Author, naturalist, guide, photographer, videographer, and Smithsonian Journeys tour leader Edward Kanze is a 1978 graduate of Middlebury College, Vermont. He earned a B.A. in Geography and won the Bermas Prize for highest departmental honors. In April, 2005, At the American Museum of Natural History in New York, Ed's essay about the passenger pigeon, "In Search Of Something Lost," was named by the John Burroughs Association as the Outstanding Published Natural History Essay of 2004. The Burroughs awards, bestowed annually at the American Museum of Natural History in New York, are America's highest honors in nature-writing. The same essay earned a gold medal in environmental writing by the International Regional Magazine Association. Ed, his wife, Debbie, and children Ned and Tasman live on the Saranac River in New York's 6 million acre Adirondack Park.
Ed has published six books:
Adirondack: Life and Wildlife in the Wild, Wild East (State University of New York Press, 2014) combines memoir, nature, and regional history told through family history in the mountains dating back to 1797. An enthusiastic full-length review in the Wall Street Journal called the book "revelatory." Philip Terrie, distinguished Adirondack historian and author of Contested Terrain and other books, found this book "beautifully written and utterly engaging---I savored every incident, every well-wrought sentence." Best Memoir of 2014: The Adirondack Center For Writing
Over The Mountain And Home Again: Journeys Of An Adirondack Naturalist (Nicholas K. Burns Publishing, 2006) brings together stories of nature and adventure in New York State's Adirondack Park, the largest park in the Lower 48. "Ed Kanze has emerged as a fresh and joyful voice of the Adirondacks, with a merry eye, a sharp mind, and a deep heart," writes Bill McKibben, author of The End Of Nature and other books. Reviewing Over The Mountain for the Adirondack Explorer, historian and author Phillip Terrie dubbed Ed "an Adirondack Thoreau."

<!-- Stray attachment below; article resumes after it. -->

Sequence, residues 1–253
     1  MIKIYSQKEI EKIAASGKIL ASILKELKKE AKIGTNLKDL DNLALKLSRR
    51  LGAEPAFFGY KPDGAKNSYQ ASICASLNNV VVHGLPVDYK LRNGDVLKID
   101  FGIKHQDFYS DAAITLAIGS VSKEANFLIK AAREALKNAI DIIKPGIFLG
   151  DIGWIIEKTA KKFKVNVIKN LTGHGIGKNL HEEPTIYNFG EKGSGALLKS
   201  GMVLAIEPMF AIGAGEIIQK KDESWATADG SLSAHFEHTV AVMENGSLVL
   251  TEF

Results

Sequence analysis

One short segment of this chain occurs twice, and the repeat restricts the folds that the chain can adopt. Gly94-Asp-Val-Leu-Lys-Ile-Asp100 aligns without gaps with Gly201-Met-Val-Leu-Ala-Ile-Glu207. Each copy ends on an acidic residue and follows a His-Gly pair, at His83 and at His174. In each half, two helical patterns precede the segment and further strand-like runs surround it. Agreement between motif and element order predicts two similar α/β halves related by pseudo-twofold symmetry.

Kangaroo Dreaming: An Australian Wildlife Odyssey (Random House/Sierra Club, 2000), describes a 25,000-mile journey Ed and Debbie Kanze made among the wild places and wildlife of Australia. Bill McKibben called the book "a superb chronicle of the nature of Australia in all the meanings of that word. You won't be able to read it without wanting to call your travel agent."
The World of John Burroughs (Random House/Sierra Club, paperback 1999; Harry Abrams, hardcover, 1993) portrays the naturalist, philosopher, and literary critic John Burroughs, who lived from 1837-1921. Ed produced the book's 70 color photographs as well as its widely praised text. The late Dean Amadon, Curator Emeritus of Ornithology at the American Museum of Natural History, wrote of the book, "Mr. Kanze writes with a graceful style that would have pleased his subject.... Let us hope this volume has the wide circulation it so richly deserves."
Wild Life: The Remarkable Lives of Ordinary Animals (Crown, 1995) collects 50 essays from Ed's syndicated newspaper column. "Anyone with an interest in nature and a sense of humor will love Wild Life," says the New Orleans Times-Picayune. "Kanze speaks with several voices: that of the professional naturalist full of accurate information and scientific observations; the skilled writer with a grand sense of humor; the storyteller with a sense of drama; and the adult who has the capacity to view the world through the eyes of the curious child."